District Of Massachusetts Dismisses Securities Fraud Allegations For Failure To Adequately Allege Scienter
On March 27, 2018, Judge F. Dennis Saylor IV of the United States District Court for the District of Massachusetts dismissed a putative class action alleging claims under Sections 10(b) and 20(a) of the Securities Exchange Act of 1934 against Biogen Inc. and certain executives. Metzler Asset Management GmbH et al. v. Kingsley et al., 16 Civ. 12101 (D. Mass. Mar. 27, 2018). Plaintiffs, investors in Biogen stock, had alleged that Biogen made false and misleading statements regarding the safety and sales of Tecfidera, a leading multiple sclerosis drug. Tecfidera’s sales had declined following the death of a patient in a clinical study, causing Biogen to cut its guidance for revenue growth in half, and Biogen’s stock price subsequently declined by more than 20%. The Court held that, while several alleged misrepresentations and omissions were plausibly misleading or false, Plaintiffs had “fail[ed] to clear the relatively high hurdle” under the PSLRA to adequately allege a “strong inference” of scienter.
The complaint alleged that defendants withheld material information about Tecfidera’s safety profile and declining sales and made misleading statements about future revenue during earnings calls and conferences between July 23, 2014 and July 23, 2015. Defendants argued that plaintiffs’ claims were barred by the doctrine of claim preclusion because a prior action containing similar allegations had been dismissed. The Court, however, held that claim preclusion did not apply because a class was never certified in the prior action. Slip op. at 30.
Plaintiffs’ allegations were based on statements about Tecfidera’s risks and future sales that were “unduly optimistic” or “minimized the impact of adverse events.” Slip op. at 3. The Court noted that in the First Circuit, a showing of scienter requires either “conscious intent to defraud” or a “high degree of recklessness,” meaning “a highly unreasonable omission, involving not merely simple, or even inexcusable negligence, but an extreme departure from the standards of ordinary care.” Id. at 42-43. The Court found plaintiffs’ allegations—heavily reliant on confidential witnesses—were too vague to give rise to the requisite “strong inference” that defendants acted with scienter. For example, confidential witnesses noted that sales of Tecfidera “dropped precipitously” and saw “sharp declines” in late 2014 and early 2015. However, the Court noted that these allegations did not set forth “specific facts about the sales” or why the sales declined, or about how the sales decline affected Biogen’s financial guidance. Id. at 46-47. Noting that Biogen had included certain risks on the Tecfidera label and warned investors about slowing sales growth throughout the class period, the Court highlighted that the complaint lacked particularized allegations about Biogen’s alleged misrepresentation of the safety profile and sales decline after the death of the patient in the clinical study. Id. at 48.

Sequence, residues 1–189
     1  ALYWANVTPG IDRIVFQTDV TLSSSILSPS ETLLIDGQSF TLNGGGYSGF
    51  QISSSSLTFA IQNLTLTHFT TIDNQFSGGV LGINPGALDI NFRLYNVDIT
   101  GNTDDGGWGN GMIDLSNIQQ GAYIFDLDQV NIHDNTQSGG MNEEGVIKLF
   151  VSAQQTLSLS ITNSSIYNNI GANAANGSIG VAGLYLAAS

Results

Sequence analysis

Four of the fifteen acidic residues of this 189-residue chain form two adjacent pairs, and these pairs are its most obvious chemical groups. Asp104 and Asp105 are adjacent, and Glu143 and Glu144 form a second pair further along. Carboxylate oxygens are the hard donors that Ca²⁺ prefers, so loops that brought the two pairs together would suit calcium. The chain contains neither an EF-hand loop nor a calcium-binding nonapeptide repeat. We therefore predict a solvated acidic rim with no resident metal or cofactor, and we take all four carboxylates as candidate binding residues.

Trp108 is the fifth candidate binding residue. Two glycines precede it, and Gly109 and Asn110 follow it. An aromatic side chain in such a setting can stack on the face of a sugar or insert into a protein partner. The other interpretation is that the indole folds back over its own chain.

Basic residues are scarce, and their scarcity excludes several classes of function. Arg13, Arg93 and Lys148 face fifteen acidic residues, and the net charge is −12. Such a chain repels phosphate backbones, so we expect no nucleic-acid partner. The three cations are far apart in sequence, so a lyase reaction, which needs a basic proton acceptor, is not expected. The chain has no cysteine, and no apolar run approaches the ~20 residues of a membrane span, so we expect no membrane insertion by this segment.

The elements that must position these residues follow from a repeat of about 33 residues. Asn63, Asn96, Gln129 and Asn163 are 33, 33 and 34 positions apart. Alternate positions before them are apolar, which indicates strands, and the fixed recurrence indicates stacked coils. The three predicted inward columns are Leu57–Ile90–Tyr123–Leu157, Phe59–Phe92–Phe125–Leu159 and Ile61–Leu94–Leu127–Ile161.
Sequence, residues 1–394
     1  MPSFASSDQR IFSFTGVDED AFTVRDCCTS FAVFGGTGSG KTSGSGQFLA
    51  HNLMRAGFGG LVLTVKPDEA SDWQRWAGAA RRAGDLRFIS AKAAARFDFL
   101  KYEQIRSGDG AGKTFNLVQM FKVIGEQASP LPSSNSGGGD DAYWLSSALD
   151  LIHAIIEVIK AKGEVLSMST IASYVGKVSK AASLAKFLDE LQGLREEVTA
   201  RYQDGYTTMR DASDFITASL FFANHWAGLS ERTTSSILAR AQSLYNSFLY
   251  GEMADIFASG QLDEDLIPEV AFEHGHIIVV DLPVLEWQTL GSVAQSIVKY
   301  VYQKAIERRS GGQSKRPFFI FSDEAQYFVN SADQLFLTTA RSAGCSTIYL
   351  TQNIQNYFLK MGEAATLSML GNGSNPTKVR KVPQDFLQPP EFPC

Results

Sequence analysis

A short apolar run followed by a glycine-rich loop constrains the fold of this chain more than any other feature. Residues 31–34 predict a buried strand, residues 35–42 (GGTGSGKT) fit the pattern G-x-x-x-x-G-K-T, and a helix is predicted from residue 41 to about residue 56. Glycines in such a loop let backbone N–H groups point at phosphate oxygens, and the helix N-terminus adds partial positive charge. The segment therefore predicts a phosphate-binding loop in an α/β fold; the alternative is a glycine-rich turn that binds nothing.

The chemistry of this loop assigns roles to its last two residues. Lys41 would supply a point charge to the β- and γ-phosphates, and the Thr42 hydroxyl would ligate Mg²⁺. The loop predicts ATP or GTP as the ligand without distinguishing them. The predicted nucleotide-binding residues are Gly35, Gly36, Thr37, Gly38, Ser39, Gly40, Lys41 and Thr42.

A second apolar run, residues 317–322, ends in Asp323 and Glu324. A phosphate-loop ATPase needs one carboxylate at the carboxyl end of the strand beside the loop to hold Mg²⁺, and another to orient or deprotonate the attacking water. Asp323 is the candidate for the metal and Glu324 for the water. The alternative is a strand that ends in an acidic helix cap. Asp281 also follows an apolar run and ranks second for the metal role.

Additionally, the Court noted that the complaint did not allege that any of the confidential witnesses ever spoke with one of the named defendants, personally witnessed a fraudulent act, or created or read a false document. Id. at 47 n.29. Allegations from these confidential witnesses, therefore, did not provide clarity on the intentions and knowledge of senior executives. While plaintiffs’ asserted inference of scienter might be “plausible,” the Court held, it fell short of being “strong, cogent, or compelling.” Id. at 56. This was particularly so in light of a competing inference of a lack of scienter—supported by risk disclosures expressing caution about Tecfidera’s growth well in advance of the class period, id. at 56, a rebound in Tecfidera revenue in the following quarter, id. at 59, and timely notification about the patient’s death, id. The Court concluded that these factors supported an inference that defendants were, at worst, “overly optimistic in attempting to predict the [patient’s] death’s effect on revenues.” Id. at 59-60.
This decision serves as a helpful reminder that courts will strictly scrutinize allegations of scienter in light of the PSLRA.